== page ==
where $p_{i}$ is the probability of the $i$th outcome (and so $0\leq p_{i}\leq 1$) and $\alpha_{i}$ is a non-negative real and $Z$ is a normalizing constant that ensures the integral over all the probability values is 1. We can think of $a_{i}$ as one more than the count of the $i$th outcome, $\alpha_{i}=n_{i}+1$. The Dirichlet distribution looks like Figure 10.11 along each dimension (i.e., as each $p_{j}$ varies between 0 and 1).

For many cases, averaging over all models weighted by their posterior distribution is difficult, because the models may be complicated (e.g., if they are decision trees or even belief networks). For the Dirichlet distribution, the expected value for outcome $i$ (averaging over all $p_{j}$) is

 $\frac{\alpha_{i}}{\sum_{j}\alpha_{j}}~{}.$

The reason that the $\alpha_{i}$ parameters are one more than the counts in the definitions of the beta and Dirichlet distributions is to make this formula simple. This fraction is well defined only when the $\alpha_{j}$ are all non-negative and not all are zero.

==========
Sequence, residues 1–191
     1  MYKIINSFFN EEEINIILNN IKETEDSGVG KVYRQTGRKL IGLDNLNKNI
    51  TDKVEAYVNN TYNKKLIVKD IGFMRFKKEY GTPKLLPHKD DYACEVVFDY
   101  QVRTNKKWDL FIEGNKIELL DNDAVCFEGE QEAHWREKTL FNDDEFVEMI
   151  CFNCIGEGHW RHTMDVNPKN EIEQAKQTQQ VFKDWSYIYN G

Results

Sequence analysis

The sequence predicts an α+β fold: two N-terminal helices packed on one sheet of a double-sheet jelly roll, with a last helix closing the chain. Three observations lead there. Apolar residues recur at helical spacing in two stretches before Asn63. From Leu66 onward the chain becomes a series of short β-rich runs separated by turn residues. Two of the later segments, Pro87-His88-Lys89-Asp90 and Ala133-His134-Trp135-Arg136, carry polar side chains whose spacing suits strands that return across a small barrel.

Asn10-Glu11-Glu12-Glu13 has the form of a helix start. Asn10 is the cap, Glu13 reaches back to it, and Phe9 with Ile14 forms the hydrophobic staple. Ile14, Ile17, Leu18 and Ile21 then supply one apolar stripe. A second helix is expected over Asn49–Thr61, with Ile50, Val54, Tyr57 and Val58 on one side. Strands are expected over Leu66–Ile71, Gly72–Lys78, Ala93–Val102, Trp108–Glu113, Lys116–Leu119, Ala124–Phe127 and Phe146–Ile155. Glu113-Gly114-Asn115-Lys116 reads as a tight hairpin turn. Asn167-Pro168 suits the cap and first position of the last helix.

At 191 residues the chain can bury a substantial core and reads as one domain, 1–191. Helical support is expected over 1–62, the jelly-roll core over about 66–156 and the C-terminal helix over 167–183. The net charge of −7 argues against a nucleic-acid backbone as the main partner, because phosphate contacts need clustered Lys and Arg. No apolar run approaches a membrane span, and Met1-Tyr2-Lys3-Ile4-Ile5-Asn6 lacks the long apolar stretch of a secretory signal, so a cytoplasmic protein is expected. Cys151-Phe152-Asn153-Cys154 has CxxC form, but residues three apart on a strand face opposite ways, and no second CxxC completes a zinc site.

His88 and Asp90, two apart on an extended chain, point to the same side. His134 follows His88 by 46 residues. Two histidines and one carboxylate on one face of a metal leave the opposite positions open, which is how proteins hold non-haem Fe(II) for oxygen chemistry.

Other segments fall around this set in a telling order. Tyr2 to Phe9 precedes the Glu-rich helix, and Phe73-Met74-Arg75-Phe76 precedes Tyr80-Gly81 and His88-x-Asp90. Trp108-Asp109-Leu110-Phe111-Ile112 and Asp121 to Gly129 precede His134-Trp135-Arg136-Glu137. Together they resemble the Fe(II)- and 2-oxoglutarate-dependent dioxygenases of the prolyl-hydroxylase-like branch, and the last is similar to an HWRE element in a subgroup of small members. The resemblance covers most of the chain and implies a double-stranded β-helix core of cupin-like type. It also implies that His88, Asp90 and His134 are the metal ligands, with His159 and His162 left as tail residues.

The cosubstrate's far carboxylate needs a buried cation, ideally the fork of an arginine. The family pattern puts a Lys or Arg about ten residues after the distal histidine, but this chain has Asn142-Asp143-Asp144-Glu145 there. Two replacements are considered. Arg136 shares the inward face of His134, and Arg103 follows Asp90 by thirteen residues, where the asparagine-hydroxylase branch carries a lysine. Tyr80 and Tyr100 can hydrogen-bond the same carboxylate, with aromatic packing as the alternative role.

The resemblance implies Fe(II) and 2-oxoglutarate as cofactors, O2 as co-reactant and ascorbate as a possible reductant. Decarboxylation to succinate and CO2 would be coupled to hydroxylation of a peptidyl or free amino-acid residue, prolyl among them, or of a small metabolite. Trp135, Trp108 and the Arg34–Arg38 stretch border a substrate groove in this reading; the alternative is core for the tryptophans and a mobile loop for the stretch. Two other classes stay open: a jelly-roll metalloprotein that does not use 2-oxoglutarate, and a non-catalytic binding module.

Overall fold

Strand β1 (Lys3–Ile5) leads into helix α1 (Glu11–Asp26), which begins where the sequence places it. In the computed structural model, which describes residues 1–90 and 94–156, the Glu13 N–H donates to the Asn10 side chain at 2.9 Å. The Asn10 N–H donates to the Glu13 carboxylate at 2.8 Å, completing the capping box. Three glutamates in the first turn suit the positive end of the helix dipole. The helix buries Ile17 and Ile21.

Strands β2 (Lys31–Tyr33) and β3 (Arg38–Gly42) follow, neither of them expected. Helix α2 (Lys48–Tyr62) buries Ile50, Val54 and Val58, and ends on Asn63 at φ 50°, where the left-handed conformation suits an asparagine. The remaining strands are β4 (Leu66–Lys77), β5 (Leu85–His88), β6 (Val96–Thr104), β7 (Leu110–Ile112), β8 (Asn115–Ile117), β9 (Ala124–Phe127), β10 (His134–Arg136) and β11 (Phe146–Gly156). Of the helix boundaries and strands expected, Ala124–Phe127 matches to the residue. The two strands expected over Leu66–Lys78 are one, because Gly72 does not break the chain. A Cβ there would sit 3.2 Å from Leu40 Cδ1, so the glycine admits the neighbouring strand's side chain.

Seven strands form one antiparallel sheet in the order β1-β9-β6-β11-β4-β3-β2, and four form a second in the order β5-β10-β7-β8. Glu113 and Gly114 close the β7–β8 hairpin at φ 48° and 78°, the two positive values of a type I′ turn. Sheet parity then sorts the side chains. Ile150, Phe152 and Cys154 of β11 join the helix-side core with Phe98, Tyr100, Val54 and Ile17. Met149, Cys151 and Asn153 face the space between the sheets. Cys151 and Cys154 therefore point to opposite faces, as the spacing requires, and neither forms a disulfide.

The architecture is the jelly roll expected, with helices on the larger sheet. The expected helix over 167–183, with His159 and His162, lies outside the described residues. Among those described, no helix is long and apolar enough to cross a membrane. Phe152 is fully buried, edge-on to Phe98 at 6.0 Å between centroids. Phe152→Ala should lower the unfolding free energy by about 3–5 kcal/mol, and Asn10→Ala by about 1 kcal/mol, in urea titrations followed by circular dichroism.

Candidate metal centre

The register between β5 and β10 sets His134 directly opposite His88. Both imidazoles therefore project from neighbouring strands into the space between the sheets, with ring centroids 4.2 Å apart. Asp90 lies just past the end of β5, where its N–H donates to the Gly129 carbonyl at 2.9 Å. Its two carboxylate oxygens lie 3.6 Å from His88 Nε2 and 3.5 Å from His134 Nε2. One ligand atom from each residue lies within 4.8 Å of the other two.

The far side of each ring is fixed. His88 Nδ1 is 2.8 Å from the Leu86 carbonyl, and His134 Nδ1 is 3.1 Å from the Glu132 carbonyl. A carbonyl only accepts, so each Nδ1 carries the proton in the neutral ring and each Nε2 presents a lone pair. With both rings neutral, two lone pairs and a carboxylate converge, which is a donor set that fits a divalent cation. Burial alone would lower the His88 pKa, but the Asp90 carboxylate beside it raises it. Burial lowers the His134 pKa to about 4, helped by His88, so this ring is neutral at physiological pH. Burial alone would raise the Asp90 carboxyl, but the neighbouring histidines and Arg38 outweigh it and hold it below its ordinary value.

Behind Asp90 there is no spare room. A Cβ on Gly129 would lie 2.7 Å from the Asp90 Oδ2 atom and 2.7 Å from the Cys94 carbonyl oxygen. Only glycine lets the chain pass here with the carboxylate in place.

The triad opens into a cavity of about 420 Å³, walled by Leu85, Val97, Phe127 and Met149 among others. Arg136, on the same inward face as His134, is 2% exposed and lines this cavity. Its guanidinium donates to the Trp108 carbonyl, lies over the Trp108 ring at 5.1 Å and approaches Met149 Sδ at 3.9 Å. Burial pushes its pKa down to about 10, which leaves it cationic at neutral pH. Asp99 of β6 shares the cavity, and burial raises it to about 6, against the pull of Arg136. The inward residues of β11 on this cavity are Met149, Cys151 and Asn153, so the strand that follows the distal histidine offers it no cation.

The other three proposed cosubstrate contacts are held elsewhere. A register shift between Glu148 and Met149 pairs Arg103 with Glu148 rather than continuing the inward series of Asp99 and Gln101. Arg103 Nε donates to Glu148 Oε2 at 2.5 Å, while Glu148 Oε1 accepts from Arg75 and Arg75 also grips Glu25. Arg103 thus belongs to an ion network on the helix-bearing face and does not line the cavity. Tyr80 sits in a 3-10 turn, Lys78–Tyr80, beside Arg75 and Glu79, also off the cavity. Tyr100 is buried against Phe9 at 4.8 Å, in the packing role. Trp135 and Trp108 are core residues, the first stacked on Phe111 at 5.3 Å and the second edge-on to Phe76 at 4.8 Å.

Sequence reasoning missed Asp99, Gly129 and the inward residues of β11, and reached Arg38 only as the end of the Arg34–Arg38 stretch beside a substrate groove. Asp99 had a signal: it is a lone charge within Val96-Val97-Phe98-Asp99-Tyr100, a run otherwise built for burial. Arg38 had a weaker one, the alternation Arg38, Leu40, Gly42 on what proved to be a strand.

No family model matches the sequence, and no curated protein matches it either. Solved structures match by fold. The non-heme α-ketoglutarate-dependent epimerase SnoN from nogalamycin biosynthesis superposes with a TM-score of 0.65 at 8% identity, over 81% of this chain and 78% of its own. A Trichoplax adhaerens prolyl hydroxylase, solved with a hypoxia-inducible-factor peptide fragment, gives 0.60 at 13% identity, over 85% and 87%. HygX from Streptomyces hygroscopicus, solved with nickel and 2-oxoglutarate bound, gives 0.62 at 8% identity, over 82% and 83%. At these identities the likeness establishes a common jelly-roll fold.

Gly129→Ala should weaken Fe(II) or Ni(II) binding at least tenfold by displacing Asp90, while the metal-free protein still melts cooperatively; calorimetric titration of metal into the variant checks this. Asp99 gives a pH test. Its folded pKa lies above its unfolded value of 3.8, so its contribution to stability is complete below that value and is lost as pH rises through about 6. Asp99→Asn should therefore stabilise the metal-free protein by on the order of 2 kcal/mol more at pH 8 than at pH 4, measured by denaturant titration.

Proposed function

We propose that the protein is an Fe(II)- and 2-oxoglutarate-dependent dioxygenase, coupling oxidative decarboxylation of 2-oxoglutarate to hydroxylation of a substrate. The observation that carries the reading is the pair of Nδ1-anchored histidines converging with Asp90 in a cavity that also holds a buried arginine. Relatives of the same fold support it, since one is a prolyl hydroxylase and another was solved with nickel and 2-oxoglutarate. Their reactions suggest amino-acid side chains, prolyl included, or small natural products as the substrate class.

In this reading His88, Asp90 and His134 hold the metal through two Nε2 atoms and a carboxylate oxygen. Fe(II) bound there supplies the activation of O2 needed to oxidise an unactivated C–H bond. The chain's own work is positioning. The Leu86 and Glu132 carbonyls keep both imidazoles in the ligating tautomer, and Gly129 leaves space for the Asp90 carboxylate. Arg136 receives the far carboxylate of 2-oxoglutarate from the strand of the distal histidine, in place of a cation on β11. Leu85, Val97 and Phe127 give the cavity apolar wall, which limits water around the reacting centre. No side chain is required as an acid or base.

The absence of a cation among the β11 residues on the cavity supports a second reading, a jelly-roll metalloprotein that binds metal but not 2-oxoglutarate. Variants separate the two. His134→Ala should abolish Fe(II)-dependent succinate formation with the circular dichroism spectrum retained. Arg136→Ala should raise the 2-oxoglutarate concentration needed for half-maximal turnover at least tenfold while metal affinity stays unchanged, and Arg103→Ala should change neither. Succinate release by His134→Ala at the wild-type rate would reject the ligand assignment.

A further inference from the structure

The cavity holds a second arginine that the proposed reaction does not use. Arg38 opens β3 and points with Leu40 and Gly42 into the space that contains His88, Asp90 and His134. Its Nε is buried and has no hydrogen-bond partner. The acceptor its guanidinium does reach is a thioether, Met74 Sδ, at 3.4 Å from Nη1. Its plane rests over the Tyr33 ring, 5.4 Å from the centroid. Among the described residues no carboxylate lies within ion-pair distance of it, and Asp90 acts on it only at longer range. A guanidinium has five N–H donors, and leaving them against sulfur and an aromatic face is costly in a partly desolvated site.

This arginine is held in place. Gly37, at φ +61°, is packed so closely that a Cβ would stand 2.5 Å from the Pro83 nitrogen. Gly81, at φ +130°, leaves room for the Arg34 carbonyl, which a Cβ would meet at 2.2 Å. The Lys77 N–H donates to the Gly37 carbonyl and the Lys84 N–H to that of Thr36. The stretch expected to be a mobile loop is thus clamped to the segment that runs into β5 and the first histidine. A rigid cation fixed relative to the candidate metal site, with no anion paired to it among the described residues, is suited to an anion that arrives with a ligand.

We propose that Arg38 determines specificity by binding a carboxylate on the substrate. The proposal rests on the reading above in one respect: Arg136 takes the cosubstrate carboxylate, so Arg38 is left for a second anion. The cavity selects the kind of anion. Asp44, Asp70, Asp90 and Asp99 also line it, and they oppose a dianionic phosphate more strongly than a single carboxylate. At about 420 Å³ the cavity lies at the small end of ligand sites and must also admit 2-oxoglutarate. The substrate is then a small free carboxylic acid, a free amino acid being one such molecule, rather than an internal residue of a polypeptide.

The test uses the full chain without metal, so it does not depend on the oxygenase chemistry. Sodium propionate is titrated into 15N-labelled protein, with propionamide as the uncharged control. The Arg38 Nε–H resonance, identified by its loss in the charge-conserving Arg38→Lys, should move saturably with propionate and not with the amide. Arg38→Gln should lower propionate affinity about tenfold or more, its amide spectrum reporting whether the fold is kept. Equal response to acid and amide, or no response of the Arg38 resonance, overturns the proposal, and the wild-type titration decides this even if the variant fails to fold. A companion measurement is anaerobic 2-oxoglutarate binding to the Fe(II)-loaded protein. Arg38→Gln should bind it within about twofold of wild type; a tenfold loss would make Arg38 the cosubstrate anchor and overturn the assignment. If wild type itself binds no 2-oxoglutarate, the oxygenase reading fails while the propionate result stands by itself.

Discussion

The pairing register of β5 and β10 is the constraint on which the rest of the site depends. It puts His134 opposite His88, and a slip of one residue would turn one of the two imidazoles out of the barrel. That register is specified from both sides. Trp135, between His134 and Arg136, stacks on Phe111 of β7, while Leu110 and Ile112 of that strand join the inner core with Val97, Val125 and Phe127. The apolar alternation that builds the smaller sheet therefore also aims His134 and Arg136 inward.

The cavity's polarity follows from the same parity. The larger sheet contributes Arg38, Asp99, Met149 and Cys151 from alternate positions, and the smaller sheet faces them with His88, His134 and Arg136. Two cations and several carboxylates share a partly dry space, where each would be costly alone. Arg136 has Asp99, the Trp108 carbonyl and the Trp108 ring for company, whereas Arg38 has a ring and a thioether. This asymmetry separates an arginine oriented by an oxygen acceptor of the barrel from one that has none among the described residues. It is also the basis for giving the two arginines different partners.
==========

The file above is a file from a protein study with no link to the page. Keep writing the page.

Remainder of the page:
###### Example 10.15.

Consider Example 10.14, which determines the value of $\phi$ based on a sequence of observations made up of $n_{0}$ cases where $Y$ is false and $n_{1}$ cases where $Y$ is true. Consider the posterior distribution as shown in Figure 10.11. What is interesting about this is that, whereas the most likely posterior value of $\phi$ is $\frac{n_{1}}{n_{0}+n_{1}}$, the expected value of this distribution is $\frac{n_{1}+1}{n_{0}+n_{1}+2}$.

Thus, the expected value of the $n_{0}{=}1,n_{1}{=}2$ curve is $\frac{3}{5}$, for the $n_{0}{=}2,n_{1}{=}4$ case the expected value is $\frac{5}{8}$, and for the $n_{0}{=}4,n_{1}{=}8$ case it is $\frac{9}{14}$. As the learner gets more training examples, this value approaches $\frac{n}{m}$.

This estimate is better than $\frac{n}{m}$ for a number of reasons. First, it tells us what to do if the learning agent has no examples: use the uniform prior of $\frac{1}{2}$. This is the expected value of the $n{=}0,m{=}0$ case. Second, consider the case where $n{=}0$ and $m{=}3$. The agent should not use $P(y){=}0$, because this says that $Y$ is impossible, and it certainly does not have evidence for this! The expected value of this curve with a uniform prior is $\frac{1}{5}$.